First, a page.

Wednesday, January 20, 2016

First week in PhD

So I'm in the middle of my first week of my Physics PhD, at least officially, since the semester began this past Monday. I'd been spending time at the campus since last week, just getting started planning things with my adviser and getting used to the facilities. I actually like the CUCEI campus quite a lot, but it's been undergoing heavy renovation for a few weeks now, and I'd prefer to wait a little bit before I post pictures of what it's like there. Most of the surroundings of our building are full of dust, and entire new buildings are being built, so it's kind of a mess. For now, what I can do is show my cubicle, which is nice and spacious, and all to myself.

The only problem was, when I got there last week, there was no knob on the door. After a couple of days, one was provided to me by our wonderful administrative assistant (secretary?)... but I had to install it myself. No big deal, but it was took some work because the door needed some light carpentry before the knob would fit. So here is the way it was before:

So after some light carpentry with tools a professor lent me, I laid out all the pieces of the disassembled knob and got it to fit into the door, after about 45 minutes of work:

Ta daaaa! Maybe not the best use of a graduate student's time, if you asked my professor, but I actually kind of enjoyed it. Anyway, the cubicle isn't completely ready yet, as it will get a new coat of paint (probably tomorrow) and I'll also get a bookshelf. For now, it looks like this:

I'm sure it will be nice an cozy in a few days, after I get more of my stuff there and am fully settled in. In the background, you can see new whiteboards, still in their packaging, that each of the cubicles will get once the painting is finished. With one of those and the bookshelf, I'll be ready to spend most of the next three years of my life in there, doing physics. Yay!

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Speaking of physics, it looks like I'll be working mostly out of Carroll's text book (see a couple of posts back). My professor asked me to "look over it" for the next few days (graduate professors are notoriously cryptic), and I'm basically reading it from the beginning. Also, I got two other books I ordered by mail just yesterday:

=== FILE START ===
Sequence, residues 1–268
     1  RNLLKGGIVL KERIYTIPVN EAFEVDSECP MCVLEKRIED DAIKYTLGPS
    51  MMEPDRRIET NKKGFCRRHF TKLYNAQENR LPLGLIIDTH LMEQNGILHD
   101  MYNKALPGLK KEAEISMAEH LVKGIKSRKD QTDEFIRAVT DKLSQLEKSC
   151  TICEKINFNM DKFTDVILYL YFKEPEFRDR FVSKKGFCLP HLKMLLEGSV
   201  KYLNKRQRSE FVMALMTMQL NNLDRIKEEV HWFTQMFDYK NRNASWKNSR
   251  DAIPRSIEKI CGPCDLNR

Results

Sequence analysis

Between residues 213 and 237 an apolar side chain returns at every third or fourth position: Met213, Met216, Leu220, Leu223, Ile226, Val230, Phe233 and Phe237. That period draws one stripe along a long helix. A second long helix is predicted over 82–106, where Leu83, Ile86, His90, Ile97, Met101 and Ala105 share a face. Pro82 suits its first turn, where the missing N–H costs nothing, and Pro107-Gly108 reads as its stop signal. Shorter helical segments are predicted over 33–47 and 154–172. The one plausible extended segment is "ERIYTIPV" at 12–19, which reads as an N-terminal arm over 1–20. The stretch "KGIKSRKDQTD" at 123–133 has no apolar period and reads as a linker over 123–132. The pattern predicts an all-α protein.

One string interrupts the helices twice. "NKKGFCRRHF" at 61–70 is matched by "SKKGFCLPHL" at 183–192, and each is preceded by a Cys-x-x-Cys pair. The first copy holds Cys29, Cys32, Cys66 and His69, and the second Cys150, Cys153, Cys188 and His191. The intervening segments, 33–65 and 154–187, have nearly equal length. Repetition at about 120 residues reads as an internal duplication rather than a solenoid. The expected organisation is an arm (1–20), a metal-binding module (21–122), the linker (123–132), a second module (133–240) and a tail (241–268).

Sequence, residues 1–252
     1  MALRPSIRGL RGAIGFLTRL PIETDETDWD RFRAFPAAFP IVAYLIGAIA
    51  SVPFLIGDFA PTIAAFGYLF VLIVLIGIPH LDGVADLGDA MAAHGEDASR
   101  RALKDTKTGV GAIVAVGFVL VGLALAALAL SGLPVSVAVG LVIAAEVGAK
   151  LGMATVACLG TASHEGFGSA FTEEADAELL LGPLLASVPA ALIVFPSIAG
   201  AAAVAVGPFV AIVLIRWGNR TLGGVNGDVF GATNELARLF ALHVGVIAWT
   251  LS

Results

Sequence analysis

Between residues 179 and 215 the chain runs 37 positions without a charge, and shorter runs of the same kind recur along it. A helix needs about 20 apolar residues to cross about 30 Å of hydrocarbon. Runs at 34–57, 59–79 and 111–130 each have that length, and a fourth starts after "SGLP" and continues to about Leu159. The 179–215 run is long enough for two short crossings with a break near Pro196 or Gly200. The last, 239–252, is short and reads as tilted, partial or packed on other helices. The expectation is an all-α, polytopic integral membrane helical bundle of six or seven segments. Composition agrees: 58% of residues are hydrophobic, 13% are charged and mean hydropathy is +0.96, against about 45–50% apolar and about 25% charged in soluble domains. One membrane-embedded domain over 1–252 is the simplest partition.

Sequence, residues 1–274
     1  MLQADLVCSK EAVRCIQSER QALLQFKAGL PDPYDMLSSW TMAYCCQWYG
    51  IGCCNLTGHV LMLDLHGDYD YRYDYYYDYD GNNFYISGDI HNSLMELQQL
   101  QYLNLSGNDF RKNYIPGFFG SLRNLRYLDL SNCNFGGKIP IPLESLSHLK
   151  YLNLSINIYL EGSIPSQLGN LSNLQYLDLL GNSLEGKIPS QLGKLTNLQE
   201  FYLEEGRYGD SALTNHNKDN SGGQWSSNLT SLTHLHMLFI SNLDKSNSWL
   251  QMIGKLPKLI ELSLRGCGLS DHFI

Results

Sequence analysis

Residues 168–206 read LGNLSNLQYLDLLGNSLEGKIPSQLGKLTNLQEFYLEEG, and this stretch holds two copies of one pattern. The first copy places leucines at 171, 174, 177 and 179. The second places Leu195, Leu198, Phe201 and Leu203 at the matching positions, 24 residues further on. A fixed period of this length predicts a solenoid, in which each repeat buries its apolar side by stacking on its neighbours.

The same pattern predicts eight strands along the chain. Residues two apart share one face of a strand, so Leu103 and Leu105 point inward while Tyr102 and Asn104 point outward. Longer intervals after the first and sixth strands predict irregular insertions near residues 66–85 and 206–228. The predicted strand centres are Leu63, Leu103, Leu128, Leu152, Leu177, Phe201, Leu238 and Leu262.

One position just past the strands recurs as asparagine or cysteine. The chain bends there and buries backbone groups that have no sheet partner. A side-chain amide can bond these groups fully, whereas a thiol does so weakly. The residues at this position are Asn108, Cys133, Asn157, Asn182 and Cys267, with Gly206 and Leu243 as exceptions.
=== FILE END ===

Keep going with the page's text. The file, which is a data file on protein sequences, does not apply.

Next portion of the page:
So I'm pretty much covered for this semester, which will be devoted mostly to learning General Relativity and getting some rudimentary models to work on my computer. If I had to put a title on my thesis right now, it would be something like The Multiplication of Tiny Four-Dimensional Spacetime Triangles: a Model. For a pretty good introduction to Causal Dynamical Triangulations, which is the formal name of what I will be working on, check out this Scientific American article by the original inventors of the idea: The Self-Organizing Quantum. Basically, I'll work on a model devised by my professor and other colleagues of his to get fundamental units of spacetime spreading out on a computer model, according to the ideas presented in this paper: (the first author is my prof). The goal is for me to understand the math well enough to translate it into code, hit Enter, and see what happens under different starting conditions. By the end of the PhD, I should have enough knowledge and code to churn out a handful of papers on the subject in addition to my thesis.

Saturday, January 9, 2016

Start your engines!

So I'm finally ready to begin my actual PhD this next Monday after months of preparation, waiting, and lots of anxiety. These past couple of days were especially tiring, as I had to complete the documentation required by the university. A complicating factor was that I hadn't formally requested my Master's degree, which is a prerequisite for applying to the PhD program. Since that takes time, it's necessary to request several special permissions and extensions, as well as filing the paperwork for the actual degree.

So when I got to the CUCEI campus this Thursday, on the next-to-last day to get all the paperwork done, I found the admissions office with several dozen people already there, waiting in line:

Unfortunately for me, I had to make a stop at another office to turn in my files for my Master's degree first, which meant I would have to wait to get into the admissions line for a while. However, when I got to the degree office, they told me I needed a certificate from my undergraduate institution, which is ITESO. Also, I needed a more recent birth certificate, since the one I provided was more than three months old. And so, I had to leave and head to the Archivo (the Archive), as it's known by all in Guadalajara, and get a new birth certificate. It's one of the busiest public buildings in the city, with all kinds of people trying to get all kinds of documents for all kinds of purposes:

After that, I headed to ITESO to get the certificate, and I stopped to take some pictures along the way. It's one of the most peaceful, beautiful campuses anywhere in Mexico, and it was even greener than I remembered it from almost ten years ago, when I got my engineering degree there (click to enlarge):

When I finally got back to CUCEI and turned in the documentation to the degree guys, the admissions line had multiplied in length, and there was no way I would be able to turn everything in before they closed for the day at 3:00 p.m. (it was 2:30). I resolved to get back early the next day (the last day allowed) to finally turn all my documents in. Here is the line, pictured from left to right as it wraps around:


I finally turned in my documentation to the admissions office yesterday, after only a couple of minutes of waiting in line, and without any further requests from the staff. So I am now free at last to focus entirely on physics.